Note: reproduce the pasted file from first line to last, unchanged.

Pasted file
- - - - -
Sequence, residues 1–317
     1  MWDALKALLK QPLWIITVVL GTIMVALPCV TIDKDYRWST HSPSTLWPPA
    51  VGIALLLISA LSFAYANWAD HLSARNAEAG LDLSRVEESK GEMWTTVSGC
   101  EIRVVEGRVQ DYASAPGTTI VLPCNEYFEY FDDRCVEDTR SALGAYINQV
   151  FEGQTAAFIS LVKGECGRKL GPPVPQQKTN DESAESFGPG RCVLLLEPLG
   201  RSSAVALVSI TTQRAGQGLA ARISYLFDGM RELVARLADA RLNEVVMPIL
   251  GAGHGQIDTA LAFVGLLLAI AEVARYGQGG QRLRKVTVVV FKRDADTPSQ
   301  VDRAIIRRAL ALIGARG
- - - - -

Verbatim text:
Sequence, residues 1–317
     1  MWDALKALLK QPLWIITVVL GTIMVALPCV TIDKDYRWST HSPSTLWPPA
    51  VGIALLLISA LSFAYANWAD HLSARNAEAG LDLSRVEESK GEMWTTVSGC
   101  EIRVVEGRVQ DYASAPGTTI VLPCNEYFEY FDDRCVEDTR SALGAYINQV
   151  FEGQTAAFIS LVKGECGRKL GPPVPQQKTN DESAESFGPG RCVLLLEPLG
   201  RSSAVALVSI TTQRAGQGLA ARISYLFDGM RELVARLADA RLNEVVMPIL
   251  GAGHGQIDTA LAFVGLLLAI AEVARYGQGG QRLRKVTVVV FKRDADTPSQ
   301  VDRAIIRRAL ALIGARG